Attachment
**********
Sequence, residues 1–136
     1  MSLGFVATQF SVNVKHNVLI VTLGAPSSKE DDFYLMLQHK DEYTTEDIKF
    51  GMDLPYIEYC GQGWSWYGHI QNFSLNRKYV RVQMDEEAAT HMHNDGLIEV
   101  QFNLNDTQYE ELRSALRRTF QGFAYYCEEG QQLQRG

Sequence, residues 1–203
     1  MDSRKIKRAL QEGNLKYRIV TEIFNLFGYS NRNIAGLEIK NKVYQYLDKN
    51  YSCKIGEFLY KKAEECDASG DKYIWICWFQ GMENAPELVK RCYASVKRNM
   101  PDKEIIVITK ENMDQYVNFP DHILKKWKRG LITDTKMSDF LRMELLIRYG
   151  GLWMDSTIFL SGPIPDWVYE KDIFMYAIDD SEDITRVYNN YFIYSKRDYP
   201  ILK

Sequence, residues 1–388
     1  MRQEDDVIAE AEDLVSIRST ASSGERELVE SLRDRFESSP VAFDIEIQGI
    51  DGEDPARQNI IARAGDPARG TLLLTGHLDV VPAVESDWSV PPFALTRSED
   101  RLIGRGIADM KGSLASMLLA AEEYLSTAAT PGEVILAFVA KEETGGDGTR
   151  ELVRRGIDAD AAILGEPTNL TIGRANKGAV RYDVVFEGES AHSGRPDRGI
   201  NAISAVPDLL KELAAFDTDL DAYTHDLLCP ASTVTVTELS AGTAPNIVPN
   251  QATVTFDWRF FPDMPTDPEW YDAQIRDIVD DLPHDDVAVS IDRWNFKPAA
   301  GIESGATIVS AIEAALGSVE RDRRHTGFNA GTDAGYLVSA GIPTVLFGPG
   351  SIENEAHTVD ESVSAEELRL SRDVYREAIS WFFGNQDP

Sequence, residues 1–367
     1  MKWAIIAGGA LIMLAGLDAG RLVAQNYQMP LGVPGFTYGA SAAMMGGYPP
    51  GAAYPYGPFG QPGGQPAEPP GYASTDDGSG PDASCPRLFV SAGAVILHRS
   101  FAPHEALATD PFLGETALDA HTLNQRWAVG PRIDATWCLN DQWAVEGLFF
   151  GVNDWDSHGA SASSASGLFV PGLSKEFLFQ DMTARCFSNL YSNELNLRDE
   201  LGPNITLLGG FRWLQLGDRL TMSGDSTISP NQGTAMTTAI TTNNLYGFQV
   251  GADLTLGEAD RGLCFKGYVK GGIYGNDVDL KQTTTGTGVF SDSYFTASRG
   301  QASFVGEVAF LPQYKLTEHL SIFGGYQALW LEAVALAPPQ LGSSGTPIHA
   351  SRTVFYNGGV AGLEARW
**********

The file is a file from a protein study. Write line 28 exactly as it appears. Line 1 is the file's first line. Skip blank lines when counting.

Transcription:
   351  SRTVFYNGGV AGLEARW